LEPC will monitor each subaward through the submittal of monthly or quarterly reports. LEPC will also conduct announced and unannounced on-site visits and monitoring visits to sub-grantees. For the announced monitoring visits, the sub-grantee may be required to present additional, pertinent information that will allow the LEPC to conduct a constructive, proficient and successful visit.


The sub-grantee has complete management responsibility for this award. While the LEPC staff may be consulted for their expertise, they will not be directly responsible for the selection of vendors, nor will they be directly involved in the expenditure and payment of funds. The sub-grantee must provide services to crime victims, at no charge, through the VOCA-funded project. Conference Planning and Expenditure Limitations Applicants should be aware of all applicable laws, regulations, policies and guidance (including specific cost limits, prior approval and reporting requirements, where applicable) governing the use of federal funds for expenses related to conferences (which is defined to include meetings, retreats, seminars, symposiums, training and other similar events), including the provision of food and/or beverages at such events, and costs of attendance at such events. Information on pertinent laws, regulations, policies and guidance is available at Applicants should also be aware of the following specific restrictions on conference planning and expenditure limitations:

  • Cost of Logistical Conference Planning
  • Cost of Programmatic Conference Planning
  • Conference Space and Audio-Visual Equipment and Services
  • Prohibition on Trinkets at Conferences
  • Entertainment at Conferences
  • Food and Beverages at Conferences


Generally, food and beverage costs are not allowable, and under no circumstances may OVC funding be used to supply food and/or beverages during refreshment breaks.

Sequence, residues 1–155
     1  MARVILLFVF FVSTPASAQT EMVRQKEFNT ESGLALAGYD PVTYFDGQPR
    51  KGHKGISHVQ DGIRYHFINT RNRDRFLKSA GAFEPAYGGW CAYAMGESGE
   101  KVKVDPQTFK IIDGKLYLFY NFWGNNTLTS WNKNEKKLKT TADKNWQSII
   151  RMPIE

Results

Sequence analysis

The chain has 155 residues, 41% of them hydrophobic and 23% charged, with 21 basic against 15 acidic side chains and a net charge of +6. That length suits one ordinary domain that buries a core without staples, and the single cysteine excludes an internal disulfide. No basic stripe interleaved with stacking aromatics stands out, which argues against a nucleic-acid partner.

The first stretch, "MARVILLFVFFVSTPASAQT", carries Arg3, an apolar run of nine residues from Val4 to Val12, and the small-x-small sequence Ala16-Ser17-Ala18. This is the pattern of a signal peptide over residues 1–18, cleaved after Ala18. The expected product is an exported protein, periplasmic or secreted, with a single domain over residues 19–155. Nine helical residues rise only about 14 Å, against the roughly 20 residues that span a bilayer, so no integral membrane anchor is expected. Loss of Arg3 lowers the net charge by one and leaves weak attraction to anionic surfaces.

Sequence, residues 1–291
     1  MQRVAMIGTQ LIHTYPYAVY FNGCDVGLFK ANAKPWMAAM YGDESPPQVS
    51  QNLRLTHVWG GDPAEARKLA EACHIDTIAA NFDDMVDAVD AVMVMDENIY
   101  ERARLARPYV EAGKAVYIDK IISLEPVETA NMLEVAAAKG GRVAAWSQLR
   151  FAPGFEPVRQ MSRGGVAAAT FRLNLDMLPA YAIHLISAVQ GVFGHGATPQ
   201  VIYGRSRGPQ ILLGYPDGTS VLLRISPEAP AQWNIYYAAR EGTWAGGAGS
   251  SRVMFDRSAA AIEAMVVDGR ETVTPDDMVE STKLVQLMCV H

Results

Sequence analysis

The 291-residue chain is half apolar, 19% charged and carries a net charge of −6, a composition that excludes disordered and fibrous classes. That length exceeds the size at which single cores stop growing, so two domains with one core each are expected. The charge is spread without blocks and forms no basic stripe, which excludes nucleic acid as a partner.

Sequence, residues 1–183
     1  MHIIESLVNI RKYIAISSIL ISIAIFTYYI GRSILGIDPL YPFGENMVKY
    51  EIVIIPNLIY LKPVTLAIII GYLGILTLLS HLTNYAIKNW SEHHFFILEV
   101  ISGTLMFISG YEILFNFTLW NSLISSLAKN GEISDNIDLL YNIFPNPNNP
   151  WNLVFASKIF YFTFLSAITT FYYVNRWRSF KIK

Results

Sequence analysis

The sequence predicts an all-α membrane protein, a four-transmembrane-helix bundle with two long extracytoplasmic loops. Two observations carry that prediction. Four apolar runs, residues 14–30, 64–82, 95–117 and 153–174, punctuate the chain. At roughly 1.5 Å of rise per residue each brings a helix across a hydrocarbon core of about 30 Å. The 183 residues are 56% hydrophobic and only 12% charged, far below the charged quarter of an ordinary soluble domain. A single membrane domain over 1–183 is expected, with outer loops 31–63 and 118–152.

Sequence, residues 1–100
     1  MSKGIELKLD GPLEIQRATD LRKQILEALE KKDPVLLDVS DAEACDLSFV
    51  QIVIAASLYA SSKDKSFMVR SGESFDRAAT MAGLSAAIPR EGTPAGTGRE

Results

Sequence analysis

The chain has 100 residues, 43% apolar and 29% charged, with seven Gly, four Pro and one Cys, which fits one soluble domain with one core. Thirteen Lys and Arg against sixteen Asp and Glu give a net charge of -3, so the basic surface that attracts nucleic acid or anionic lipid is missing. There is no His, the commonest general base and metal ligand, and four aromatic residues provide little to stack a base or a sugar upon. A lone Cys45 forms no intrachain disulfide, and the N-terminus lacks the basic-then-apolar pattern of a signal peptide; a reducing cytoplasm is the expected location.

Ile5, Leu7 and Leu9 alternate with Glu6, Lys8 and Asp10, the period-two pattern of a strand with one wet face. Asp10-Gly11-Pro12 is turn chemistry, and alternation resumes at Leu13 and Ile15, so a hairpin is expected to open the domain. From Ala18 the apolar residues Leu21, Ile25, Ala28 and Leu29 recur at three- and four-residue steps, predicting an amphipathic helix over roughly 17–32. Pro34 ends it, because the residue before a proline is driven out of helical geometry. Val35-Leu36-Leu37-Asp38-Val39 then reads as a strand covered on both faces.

Federal laws that apply to recipients of financial assistance from the Department of Justice prohibit discrimination on the basis of race, color, national origin, religion, sex, or disability in funded programs or activities, not only in employment but also in the delivery of services or benefits. A federal law also prohibits recipients from discriminating on the basis of age in the delivery of services or benefits


Organizations must ensure that all USDOJ’s funded program staff has adequate time to execute these duties. LEPC will evaluate the management plan, including staffing, based on the fundamentals to implement the project and adhere to program requirements. LEPC reserves the right to require changes based on this review. Project Director The project director will be mainly responsible for managing and implementing the program and budget described in the approved application to ensure that the entity meets its responsibilities to LEPC under the sub-grant agreement in a timely manner. This person will be responsible for the daily operation, coordination and delivery of services at their respective program sites. The project director will be responsible to ensure required progress and fiscal reports are completed and submitted timely to LEPC.


The Law Enforcement Planning Commission will collect and report on the performance measures as reported by sub-grantees funded though the Victims of Crime Assistance Grant. Performance measures information should be submitted within the required quarterly progress reports. The reports will maintain data on the number persons served, types of services, and type of victimization. All assets purchased with USDOJ Grant funds must be reported to LEPC for tagging and tracking purposes; in accordance to CFR 200 Super Circular requirements.